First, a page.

Richard Petty’s No.43 Pontiac Grand Prix used during his 200th NASCAR Cup series victory has been named one of the “101 Objects That Made America” by Smithsonian Magazine and is featured in its November issue.
The Smithsonian sourced more than 137 million artifacts in 19 museums to come up with its list, which includes the bald eagle, Discovery Space Shuttle, the Model T, the Barbie doll and a U.S. Olympic hockey team jersey.
“I just think the fact that it’s the Smithsonian and they had all these pieces of history or objects to look at and they picked our car is what makes it special,” Petty said.
Writer Jeff MacGregor points out that the “genius of this car lies not in what it is, but in what it did.”
Petty’s 1984 victory in Daytona Beach, Fla., was accomplished with then-President Ronald Reagan in attendance.
To find the complete list or read more, visit Smithsonian.com.
During his 15 years in F-1, Coughlan was a chief designer with teams such as Arrows, Benetton, Ferrari, McLaren and Williams; earning more than 20 victories. Coughlan also has NASCAR experience, having worked with Michael Waltrip Racing during late 2010 and early 2011.
“I feel with the increased technical focus of the Sprint Cup Series and the direction that the sport is moving, it makes a perfect fit for me,” Coughlan said.
“We at NTS Motorsports appreciate everything Ron has done this year to help build NTS Motorsports in its first year competing at the national level in NASCAR,” said team owner Bob Newberry. “Ron has been a great asset to our organization and we wish him the best in his future endeavors.”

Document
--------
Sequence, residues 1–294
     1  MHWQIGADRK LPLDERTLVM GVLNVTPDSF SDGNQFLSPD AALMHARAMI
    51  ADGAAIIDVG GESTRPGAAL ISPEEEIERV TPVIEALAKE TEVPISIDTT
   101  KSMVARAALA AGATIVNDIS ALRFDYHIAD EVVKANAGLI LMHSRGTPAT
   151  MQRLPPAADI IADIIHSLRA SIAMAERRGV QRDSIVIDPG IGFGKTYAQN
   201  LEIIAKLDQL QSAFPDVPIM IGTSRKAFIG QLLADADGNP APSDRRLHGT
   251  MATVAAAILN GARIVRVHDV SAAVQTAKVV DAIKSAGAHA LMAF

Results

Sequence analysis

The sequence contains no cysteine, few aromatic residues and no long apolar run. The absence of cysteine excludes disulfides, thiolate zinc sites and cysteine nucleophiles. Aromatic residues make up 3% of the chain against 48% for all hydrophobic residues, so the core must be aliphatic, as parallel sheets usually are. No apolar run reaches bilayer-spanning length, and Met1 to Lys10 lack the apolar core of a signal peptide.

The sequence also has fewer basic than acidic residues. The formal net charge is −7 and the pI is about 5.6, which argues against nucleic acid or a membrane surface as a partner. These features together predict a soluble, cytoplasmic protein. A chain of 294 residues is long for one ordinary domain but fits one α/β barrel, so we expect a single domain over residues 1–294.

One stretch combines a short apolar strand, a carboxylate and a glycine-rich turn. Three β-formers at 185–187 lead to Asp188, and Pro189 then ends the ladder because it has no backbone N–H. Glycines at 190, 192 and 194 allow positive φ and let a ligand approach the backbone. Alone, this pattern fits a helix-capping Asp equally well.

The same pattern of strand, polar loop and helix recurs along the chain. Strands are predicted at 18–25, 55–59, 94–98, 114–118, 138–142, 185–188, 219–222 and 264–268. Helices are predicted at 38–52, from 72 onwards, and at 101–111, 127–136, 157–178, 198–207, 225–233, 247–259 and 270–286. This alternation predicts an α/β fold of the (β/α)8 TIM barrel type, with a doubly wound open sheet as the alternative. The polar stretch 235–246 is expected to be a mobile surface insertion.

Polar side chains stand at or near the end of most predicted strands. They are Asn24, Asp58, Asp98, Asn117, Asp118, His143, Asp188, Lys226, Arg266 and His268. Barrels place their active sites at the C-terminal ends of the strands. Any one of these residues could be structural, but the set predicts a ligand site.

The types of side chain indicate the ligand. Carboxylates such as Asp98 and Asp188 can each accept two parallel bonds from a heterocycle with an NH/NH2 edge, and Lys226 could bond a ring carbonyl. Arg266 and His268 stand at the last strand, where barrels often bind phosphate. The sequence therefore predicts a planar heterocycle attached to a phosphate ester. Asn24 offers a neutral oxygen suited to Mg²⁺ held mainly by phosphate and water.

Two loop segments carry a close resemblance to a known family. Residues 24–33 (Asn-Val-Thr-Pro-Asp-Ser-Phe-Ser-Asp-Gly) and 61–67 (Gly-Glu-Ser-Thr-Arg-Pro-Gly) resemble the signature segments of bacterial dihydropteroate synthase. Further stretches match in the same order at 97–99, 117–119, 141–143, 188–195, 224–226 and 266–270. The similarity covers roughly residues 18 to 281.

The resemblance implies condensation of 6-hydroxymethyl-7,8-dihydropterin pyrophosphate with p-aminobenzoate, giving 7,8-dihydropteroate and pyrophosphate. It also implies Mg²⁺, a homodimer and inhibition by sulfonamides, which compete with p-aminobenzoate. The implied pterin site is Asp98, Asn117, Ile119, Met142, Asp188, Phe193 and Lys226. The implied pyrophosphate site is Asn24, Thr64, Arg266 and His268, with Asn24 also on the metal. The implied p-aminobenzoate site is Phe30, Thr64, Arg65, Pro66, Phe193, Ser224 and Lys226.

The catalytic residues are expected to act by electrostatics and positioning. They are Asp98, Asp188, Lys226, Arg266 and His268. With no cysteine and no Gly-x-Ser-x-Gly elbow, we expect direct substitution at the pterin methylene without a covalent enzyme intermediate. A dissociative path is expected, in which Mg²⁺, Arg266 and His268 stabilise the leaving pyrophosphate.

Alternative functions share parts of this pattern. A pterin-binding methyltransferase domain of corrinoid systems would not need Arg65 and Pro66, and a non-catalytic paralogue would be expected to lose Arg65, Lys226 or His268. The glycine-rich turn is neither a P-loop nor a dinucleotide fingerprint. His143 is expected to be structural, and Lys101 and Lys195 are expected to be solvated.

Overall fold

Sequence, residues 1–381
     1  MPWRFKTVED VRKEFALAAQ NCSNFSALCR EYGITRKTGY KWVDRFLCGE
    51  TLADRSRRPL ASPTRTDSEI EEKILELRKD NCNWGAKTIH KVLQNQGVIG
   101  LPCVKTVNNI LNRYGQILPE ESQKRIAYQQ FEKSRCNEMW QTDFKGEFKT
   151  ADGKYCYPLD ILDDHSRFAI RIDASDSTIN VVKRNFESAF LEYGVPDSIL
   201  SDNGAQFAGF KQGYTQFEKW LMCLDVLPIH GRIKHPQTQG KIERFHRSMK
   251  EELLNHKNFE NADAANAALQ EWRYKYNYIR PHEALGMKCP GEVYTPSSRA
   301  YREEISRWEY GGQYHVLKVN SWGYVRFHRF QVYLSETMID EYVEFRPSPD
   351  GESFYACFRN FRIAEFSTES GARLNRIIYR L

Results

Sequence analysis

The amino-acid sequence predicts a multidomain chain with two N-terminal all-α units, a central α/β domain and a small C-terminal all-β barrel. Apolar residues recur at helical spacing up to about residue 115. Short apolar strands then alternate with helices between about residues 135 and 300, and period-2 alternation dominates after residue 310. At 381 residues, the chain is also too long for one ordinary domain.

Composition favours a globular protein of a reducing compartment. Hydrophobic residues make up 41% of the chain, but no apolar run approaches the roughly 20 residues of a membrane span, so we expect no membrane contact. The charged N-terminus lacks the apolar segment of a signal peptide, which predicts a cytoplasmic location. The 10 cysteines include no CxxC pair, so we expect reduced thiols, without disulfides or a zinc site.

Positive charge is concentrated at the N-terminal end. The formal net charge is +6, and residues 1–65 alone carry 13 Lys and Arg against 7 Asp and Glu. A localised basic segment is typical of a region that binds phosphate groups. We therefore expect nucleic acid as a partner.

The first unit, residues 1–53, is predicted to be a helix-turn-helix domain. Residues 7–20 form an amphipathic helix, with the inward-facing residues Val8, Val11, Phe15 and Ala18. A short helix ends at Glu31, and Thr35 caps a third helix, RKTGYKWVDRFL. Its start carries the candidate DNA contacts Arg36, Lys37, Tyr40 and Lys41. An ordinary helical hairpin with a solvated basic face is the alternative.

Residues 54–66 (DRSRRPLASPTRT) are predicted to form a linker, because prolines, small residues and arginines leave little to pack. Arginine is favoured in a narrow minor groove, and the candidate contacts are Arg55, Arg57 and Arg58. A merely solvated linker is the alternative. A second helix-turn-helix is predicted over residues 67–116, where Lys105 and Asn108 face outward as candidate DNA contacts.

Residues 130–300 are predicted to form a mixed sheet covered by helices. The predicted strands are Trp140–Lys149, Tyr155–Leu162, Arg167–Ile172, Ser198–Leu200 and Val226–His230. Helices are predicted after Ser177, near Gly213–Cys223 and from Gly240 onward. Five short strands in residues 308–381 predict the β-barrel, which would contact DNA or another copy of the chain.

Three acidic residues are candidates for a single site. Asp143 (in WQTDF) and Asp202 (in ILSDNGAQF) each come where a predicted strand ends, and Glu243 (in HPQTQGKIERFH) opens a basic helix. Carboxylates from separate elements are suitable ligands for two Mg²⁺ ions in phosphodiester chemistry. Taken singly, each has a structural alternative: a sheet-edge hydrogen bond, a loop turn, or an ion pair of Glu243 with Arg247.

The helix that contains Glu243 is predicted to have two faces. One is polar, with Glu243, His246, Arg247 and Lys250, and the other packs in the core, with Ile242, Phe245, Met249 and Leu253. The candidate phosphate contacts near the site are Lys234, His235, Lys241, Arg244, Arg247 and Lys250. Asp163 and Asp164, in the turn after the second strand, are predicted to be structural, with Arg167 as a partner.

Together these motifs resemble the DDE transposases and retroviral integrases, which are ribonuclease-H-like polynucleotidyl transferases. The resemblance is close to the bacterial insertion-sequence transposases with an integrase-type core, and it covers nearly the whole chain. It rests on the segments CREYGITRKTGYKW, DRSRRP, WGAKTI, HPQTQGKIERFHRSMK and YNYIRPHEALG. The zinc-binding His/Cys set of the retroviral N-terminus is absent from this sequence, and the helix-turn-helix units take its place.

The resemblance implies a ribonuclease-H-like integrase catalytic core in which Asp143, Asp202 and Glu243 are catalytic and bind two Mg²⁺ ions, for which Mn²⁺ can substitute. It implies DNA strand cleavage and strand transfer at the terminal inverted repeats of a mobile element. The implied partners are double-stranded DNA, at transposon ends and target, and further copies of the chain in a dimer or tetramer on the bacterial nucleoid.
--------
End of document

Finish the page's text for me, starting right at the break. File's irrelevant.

1. Jimmie Johnson enters the final two races with a seven-point lead over Matt Kenseth and will start from the pole.
2. Jeff Burton will make his 1,000 start in NASCAR’s three national series. His first start came during 1988 in what now is the Nationwide Series.
3. Kevin Harvick won this race a year ago and is the only other driver in the Cup series with a plausible chance to catch Johnson and Kenseth.
• Kyle Busch gets all the criticism for racing and winning in the NASCAR Truck Series, but none of the credit for what he gives back to the series. While many complain of Busch racking upvictories in a lower NASCAR series, they too easily forget that the past two newcomers to Victory Lane – Erik Jones and Darrell Wallace Jr. – got their opportunity to race because of Kyle Busch Motorsports. Could Jones and Wallace have found other opportunities? Perhaps. Would they be with as good a program? Unlikely, since Busch already has proven his organization is among the best in the series.
• By next season, Mark Martin, Jeff Burton and Bobby Labonte no longer will be competing fulltime in the Sprint Cup Series. That’s a far cry from 15 years ago when I first started covering NASCAR and those three were regulars up front and in Victory Lane. At the time, I was certain I would see all three win Cup titles, but as it turns out, Labonte was the only one. The absence of a championship certainly does not diminish the contributions to the sport of the others.
• The scoring pylon has not worked properly at Phoenix since the race weekend began. It only shows the laps completed and the top eight places. I couldn’t imagine a sporting event where an operable scoreboard was more important to a fan’s experience.
Jimmie Johnson, Kevin Harvick, Matt Kenseth